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Mortgage-backed securities, the financial products credited as a main catalyst in the 2008 global banking crisis, are back in the news and back in favour with the investment community.

Last week Lloyds Banking Group agreed to offload a portfolio US residential mortgage-backed securities it inherited from Halifax Bank of Scotland for £3.3 billion.

These securities are reported by Lloyds to have a book value of around £2.7 billion, meaning the sale will deliver a pre-tax gain somewhere in the region of £540 million.

So, good news for Lloyds, which has stated it will put the proceeds towards raising its tier one capital and putting some money towards its £957 million pension deficit.

Among the purchasers of the Lloyds portfolio of securities is Goldman Sachs International, which has paid around £200 million for a portion of the portfolio.

Which brings us to another fascinating bit of news to come out the US courts in recent weeks in which Goldman Sachs successfully argued some historical revisionism in its involvement in a notorious mortgage-backed securities deal Royal Bank of Scotland traders lost an estimated $870 million on.

The Bank of England has agreed to pump another £50 billion of made up money into the flagging UK economy in an effort to kick-start economic growth.

UK interest rates have also been held at a record low of 0.5 per cent - the rate it has been since March 2009.

This, of course, is terrible news for savers, and indeed pensioners, as the buying up of gilts - UK government bonds - artificially depresses annuity rates.

Quantitative easing is basically the creation of new money - literally out of thin air.

The Bank of England creates this new money by way of a sale of Treasury investment bonds - basically a promise to pay later for cash now.

It has been interesting watching the reaction over the past few weeks to some fairly hefty payouts across the corporate sector.

Bankers like Bob Diamond, Stephen Hester and Eric Daniels all walked away with millions of pounds worth of benefits and shares.

Alongside them hundreds of other bankers were paid more than £1 million each to a collective outcry of horror.

Compare and contrast this to the joyous outpourings shown in newspapers and broadcast media when John Lewis announced all of its staff - including the executive team - were getting the equivalent of 18 per cent of their salary.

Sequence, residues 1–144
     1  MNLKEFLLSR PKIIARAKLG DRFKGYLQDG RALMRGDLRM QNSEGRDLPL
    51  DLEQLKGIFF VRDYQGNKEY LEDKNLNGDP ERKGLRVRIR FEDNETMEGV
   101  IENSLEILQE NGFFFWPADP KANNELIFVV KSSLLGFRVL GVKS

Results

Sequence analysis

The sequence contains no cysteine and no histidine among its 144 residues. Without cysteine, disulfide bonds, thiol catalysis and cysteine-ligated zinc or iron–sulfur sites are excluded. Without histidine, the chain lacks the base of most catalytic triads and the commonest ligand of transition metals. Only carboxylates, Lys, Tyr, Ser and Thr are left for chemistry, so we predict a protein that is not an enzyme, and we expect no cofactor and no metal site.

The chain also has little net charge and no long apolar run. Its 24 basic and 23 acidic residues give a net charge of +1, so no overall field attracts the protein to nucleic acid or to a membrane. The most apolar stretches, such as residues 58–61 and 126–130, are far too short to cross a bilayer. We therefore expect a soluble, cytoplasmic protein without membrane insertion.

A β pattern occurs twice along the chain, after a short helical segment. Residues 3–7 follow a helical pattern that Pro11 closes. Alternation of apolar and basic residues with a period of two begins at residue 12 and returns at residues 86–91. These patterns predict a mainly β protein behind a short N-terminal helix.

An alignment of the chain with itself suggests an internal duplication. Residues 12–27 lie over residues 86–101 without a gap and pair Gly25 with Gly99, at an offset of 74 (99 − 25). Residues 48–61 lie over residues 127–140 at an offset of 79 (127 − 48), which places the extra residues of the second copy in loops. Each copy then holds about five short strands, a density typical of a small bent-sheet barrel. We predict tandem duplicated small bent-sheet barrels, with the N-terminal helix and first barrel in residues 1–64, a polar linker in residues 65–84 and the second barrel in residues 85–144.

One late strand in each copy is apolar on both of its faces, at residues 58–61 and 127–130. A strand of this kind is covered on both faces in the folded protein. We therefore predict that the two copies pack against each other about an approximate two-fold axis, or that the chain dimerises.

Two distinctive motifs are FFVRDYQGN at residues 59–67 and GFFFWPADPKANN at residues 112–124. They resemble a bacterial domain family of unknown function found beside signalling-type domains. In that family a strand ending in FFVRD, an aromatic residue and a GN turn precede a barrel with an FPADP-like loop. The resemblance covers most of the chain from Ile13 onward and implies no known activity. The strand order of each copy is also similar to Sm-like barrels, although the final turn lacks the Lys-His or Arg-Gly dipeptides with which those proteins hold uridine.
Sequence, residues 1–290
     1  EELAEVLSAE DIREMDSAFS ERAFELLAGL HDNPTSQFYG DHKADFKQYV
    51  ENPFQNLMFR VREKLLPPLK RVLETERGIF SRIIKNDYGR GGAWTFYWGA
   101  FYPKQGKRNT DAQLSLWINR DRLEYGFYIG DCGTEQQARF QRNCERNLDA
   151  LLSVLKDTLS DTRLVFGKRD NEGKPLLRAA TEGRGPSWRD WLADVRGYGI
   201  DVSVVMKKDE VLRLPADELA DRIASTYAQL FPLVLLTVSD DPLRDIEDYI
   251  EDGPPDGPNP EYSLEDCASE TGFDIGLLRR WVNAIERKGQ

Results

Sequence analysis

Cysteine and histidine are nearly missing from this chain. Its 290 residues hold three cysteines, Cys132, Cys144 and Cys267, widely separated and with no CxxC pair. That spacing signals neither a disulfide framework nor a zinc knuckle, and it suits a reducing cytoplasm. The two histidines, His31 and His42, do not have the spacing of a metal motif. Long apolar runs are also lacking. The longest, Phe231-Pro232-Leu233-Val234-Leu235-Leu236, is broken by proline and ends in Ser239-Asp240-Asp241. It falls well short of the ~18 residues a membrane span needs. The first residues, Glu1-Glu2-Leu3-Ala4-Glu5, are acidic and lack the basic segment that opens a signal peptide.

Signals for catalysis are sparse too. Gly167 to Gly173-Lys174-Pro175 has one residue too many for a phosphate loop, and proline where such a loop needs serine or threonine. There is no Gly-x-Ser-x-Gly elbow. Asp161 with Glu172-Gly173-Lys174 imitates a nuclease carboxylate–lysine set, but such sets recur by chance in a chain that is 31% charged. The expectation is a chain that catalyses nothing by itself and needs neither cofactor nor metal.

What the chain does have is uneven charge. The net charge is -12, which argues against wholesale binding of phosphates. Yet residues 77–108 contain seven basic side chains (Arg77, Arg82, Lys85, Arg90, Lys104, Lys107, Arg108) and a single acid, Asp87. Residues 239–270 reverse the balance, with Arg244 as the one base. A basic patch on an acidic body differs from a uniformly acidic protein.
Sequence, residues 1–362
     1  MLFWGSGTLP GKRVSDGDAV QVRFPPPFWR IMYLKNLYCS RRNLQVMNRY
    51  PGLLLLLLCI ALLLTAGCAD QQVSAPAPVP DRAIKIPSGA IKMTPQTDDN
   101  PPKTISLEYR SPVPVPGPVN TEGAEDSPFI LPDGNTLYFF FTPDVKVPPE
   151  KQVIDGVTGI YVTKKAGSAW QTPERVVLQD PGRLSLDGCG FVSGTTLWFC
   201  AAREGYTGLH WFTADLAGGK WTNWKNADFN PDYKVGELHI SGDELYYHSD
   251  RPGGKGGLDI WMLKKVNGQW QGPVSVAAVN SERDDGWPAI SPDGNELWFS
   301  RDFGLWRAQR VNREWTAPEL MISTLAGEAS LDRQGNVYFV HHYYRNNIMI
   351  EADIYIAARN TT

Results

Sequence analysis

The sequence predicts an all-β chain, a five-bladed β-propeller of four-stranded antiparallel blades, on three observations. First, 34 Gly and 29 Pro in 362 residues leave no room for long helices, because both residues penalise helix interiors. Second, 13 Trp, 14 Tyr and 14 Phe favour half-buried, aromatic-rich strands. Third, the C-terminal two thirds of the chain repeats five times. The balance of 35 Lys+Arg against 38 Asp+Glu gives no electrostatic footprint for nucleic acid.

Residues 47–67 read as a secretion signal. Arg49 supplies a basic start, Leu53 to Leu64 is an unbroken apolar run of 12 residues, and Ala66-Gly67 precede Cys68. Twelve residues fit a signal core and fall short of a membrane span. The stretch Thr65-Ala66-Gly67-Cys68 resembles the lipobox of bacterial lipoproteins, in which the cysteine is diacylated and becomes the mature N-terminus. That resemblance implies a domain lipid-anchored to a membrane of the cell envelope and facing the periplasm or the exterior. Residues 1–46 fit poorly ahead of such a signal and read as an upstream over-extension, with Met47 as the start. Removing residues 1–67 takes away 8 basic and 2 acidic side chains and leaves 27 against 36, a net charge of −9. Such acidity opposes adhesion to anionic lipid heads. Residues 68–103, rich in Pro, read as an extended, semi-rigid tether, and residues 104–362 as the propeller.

Royal bank of Scotland will take little comfort from its $100 million settlement award from the US Securities and Exchange Commission from Goldman Sachs admission it was economical with the truth in its selling of toxic bond deals wrapped up in Abacus 2007-AC1.

RBS is now "considering all options" which obviously includes the possibility of pursuing Goldman's for a considerably larger chunk of the $870 million it lost in the Abacus investment deal.

Those losses stemmed from the fraudulent omission Goldman's hedge fund client, Paulson & Co was not only selecting mortgages for the portfolio, but was also making side bets those mortgages would drop in value.

A very cosy arrangement for Goldman's, which also charged Paulson & Co $15 million for the privilege of selecting mortgage backed securities to go into Abacus both Goldmans and Paulson must have known were at the very least suspect.

HSBC's Scottish chief executive John Rendall was in few different parts of the bank's Edinburgh office for this photo shoot.

Staff on the floor of the branch were happy to melt into the background when shot were being taken there.

Photographer Lesley Martin was also taken by the unusual lighting in the lift which gives a nice backdrop to some of these pictures.

The interview which goes with the piece is here.

Rendall2.jpg

They say what happens in the United States eventually filters through to the UK.

So the evidence given by the United States Federal Reserve chairman, Ben Bernanke to the Committee on Financial Services, U.S. House of Representatives in Washington, D.C on February 10 makes for interesting reading.